American Rifle: A Biography
© 2008 Alexander Rose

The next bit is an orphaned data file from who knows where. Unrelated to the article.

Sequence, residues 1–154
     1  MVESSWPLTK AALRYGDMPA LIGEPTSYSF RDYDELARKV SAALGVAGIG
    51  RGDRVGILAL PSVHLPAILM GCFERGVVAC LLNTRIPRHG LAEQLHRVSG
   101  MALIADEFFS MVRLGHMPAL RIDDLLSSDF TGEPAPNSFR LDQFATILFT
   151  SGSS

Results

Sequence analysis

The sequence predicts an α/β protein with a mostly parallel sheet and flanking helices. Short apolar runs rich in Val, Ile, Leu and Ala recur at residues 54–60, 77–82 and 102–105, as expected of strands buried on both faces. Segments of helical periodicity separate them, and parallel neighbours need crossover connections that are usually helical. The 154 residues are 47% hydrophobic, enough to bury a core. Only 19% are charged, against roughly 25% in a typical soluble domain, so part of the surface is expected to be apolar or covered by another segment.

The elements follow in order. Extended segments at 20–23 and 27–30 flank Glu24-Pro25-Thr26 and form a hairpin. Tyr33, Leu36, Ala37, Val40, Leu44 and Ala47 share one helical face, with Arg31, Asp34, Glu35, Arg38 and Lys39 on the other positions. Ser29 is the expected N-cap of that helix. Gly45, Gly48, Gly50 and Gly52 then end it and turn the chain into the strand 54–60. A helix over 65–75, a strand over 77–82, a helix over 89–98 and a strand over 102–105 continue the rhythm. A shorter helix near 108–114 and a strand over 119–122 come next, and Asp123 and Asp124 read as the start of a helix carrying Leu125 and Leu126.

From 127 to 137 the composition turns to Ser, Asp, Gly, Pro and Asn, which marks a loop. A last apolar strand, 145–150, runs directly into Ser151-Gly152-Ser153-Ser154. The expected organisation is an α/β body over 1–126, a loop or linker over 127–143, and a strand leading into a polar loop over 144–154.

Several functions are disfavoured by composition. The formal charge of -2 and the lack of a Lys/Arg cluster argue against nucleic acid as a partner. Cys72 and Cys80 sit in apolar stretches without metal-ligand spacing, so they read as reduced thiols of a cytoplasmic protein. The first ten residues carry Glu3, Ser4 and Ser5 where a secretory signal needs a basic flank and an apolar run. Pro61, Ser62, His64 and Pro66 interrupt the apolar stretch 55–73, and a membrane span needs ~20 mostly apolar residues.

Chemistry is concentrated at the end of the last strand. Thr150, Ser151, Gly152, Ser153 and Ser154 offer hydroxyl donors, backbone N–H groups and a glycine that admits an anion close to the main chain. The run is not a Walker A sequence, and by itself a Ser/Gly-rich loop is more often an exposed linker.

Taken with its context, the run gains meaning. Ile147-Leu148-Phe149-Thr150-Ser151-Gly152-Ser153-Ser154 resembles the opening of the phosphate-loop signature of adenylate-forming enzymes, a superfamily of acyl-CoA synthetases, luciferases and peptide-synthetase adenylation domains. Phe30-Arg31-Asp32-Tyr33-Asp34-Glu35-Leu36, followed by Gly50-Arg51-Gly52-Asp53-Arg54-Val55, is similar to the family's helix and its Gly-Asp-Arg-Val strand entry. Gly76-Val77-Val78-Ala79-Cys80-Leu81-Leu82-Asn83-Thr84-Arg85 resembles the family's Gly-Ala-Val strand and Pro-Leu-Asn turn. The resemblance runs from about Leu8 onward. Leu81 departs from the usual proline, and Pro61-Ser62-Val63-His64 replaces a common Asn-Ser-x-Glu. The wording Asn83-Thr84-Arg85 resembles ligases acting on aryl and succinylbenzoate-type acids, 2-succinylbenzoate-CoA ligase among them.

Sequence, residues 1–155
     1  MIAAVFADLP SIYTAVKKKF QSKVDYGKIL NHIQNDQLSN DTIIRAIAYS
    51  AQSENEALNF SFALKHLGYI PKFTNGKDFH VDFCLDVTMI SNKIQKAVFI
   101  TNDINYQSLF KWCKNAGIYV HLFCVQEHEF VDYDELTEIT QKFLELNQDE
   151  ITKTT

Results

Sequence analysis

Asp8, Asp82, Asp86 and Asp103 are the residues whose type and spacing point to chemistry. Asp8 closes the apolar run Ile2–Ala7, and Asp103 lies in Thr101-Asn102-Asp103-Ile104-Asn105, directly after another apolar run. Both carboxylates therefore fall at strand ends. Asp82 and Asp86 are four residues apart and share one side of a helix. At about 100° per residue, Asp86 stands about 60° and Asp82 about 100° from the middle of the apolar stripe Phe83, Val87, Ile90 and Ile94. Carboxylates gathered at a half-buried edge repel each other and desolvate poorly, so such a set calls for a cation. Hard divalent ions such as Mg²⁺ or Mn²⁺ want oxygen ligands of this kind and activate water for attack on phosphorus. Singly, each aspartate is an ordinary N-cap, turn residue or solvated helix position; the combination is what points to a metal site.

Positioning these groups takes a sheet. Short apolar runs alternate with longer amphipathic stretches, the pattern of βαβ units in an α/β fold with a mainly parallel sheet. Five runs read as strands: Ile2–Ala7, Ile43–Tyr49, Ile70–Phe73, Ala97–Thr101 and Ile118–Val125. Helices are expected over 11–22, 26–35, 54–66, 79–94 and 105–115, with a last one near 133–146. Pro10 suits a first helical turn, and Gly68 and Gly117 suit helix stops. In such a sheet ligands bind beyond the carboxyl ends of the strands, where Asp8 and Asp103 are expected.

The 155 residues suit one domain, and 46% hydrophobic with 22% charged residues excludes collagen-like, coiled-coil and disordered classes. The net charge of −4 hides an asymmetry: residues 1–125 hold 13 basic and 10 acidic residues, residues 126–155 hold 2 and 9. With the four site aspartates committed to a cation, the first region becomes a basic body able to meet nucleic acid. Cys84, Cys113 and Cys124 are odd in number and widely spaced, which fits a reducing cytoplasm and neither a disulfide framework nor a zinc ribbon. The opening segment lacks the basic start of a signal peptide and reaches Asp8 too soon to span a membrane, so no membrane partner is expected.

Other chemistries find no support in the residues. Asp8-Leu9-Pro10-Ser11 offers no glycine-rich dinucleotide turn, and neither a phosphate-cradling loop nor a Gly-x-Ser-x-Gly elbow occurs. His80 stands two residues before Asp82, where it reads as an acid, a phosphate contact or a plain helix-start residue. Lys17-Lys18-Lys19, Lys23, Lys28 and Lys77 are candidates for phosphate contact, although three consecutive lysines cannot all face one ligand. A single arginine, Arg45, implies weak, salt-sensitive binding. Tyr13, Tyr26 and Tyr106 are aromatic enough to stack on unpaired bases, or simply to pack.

The quintessential American firearm is the rifle, which through centuries of colonization and growth, has served in both myth and fact. I use myth not in the modern disparaging sense, but rather its traditional and valuable sense: myth as meaning. The rifle is the perfect complement to the American legend of the ‘rugged individualist’ — whether he’s a sharpshooter, taking down British officers in the Revolutionary War, or a plains pioneer, defending his family from wolves or bringing home supper. American Rifle: A Biography is a fulsome history of how rifles in America evolved and entrenched themselves, and grew both in culture estimation and in technical sophistication. The rifle’s technical maturation is the book’s primary focus, but culture enters in often, as we learn about the NRA originally organizing to train the American public into marksmen, and the German military’s influence on American military organization. German arms also inspired one American rifle, as well as a Soviet piece, the AK-47. Slowing the book down atimes is the extensive coverage of sludgy bureaucracy that new advances had to get through to become the official service weapon of the military, and this sludge becomes progressively thicker throughout the years. It’s thus a… challenging read for the potential reader who isn’t a total rifle enthusiast, and my interest peaked with the M1 Garand. I spent two months trying to move from 1940 to 2003, through the mire of extensive debates between Europe and America on what should be the official round of NATO, followed by the problems of the M14.